I noticed recently that the project files my text editors use (along with some other junk) got added the git repository for the project. Since they aren't actually part of the project, I'd like to remove them, but git rm doesnt remove the old versions from the repository, and I couldnt find anything else that looks promising.


3 Answers 3


The tool you want is git filter-branch. Its usage is described here, but basically:

$ git filter-branch --tree-filter 'rm -f my_file' HEAD

will remove "my_file" from every commit.

Notice that this rewrites every commit, so if you push into a remote repository, you have to (a) force the update, and (b) everyone else who pulled from you will now have duplicate commits (since you rewrote the history), as described on the git rebase man page.

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    I recommend to add --prune-empty so any empty commits generated as a result will be removed too.
    – fnkr
    Commented Aug 28, 2014 at 7:21
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    @CodeMonkey: In that case, you'd use a longer, unique path.
    – mipadi
    Commented Nov 21, 2016 at 19:27
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    later should I do git push --force ? @mipadi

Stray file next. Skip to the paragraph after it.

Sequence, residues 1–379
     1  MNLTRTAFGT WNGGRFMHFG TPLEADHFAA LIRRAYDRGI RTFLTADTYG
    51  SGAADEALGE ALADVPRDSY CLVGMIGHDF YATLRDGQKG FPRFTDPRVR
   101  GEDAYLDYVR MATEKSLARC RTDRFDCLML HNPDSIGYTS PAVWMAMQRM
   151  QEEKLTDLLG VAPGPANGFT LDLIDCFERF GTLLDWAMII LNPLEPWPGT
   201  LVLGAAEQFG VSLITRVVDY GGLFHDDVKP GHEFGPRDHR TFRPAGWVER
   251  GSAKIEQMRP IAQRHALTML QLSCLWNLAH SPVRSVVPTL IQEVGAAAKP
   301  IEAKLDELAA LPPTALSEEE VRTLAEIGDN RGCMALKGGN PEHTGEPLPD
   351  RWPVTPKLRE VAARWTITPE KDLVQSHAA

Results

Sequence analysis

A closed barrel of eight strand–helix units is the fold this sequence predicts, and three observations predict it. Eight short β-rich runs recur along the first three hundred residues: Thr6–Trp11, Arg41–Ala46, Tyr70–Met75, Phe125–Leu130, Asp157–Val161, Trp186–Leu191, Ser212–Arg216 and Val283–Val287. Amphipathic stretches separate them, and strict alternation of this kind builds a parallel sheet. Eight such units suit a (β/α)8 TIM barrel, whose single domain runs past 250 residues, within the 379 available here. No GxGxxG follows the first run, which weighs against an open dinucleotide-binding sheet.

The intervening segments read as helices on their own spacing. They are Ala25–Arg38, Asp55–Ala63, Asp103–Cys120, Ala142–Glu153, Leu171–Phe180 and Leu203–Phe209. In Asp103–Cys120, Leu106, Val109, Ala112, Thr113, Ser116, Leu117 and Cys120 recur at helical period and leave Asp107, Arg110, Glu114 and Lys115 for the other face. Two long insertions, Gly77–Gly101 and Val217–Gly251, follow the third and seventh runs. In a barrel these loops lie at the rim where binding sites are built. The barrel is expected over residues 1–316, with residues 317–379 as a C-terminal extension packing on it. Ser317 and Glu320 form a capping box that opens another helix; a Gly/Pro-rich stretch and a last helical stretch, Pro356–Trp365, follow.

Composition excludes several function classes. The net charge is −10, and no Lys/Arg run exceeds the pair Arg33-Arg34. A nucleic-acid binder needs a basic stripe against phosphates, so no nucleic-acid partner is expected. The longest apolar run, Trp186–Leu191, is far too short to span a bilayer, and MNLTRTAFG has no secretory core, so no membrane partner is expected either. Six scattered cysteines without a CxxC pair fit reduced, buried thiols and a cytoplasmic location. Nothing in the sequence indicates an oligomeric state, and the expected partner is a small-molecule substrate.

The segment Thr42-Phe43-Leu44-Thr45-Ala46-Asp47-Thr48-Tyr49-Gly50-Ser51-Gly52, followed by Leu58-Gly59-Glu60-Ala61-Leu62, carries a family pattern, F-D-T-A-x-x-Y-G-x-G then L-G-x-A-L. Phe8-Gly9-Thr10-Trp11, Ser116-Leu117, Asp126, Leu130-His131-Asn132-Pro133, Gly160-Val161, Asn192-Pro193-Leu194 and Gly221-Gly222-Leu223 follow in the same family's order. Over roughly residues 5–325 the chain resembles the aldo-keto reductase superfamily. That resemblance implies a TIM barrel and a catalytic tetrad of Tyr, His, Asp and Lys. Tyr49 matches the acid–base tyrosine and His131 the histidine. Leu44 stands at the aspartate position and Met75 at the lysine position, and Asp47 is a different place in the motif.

– alper
    Commented Jul 27, 2018 at 14:14
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    @mipadi, what if I deleted these files locally, long ago? (and committed and pushed these deletions) How can I delete the files from the repository in this case? Commented Nov 15, 2018 at 18:47
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    @alper git pull origin master --allow-unrelated-histories Commented Jul 14, 2020 at 20:01

This is what git filter-branch is for, but beware that your repo history will change, and the commit hashes will be different after history rewrite.

If you also want to free the space, I recommend that you use git forget-blob, because git filter-branch alone will not make git forget your file, as it may still be referenced by remotes, reflog, tags and such.

git forget-blob main.c.swp

You can get more information here


It's now recommended to use git-filter-repo instead. Running git-filter-branch actually prints:

WARNING: git-filter-branch has a glut of gotchas generating mangled history

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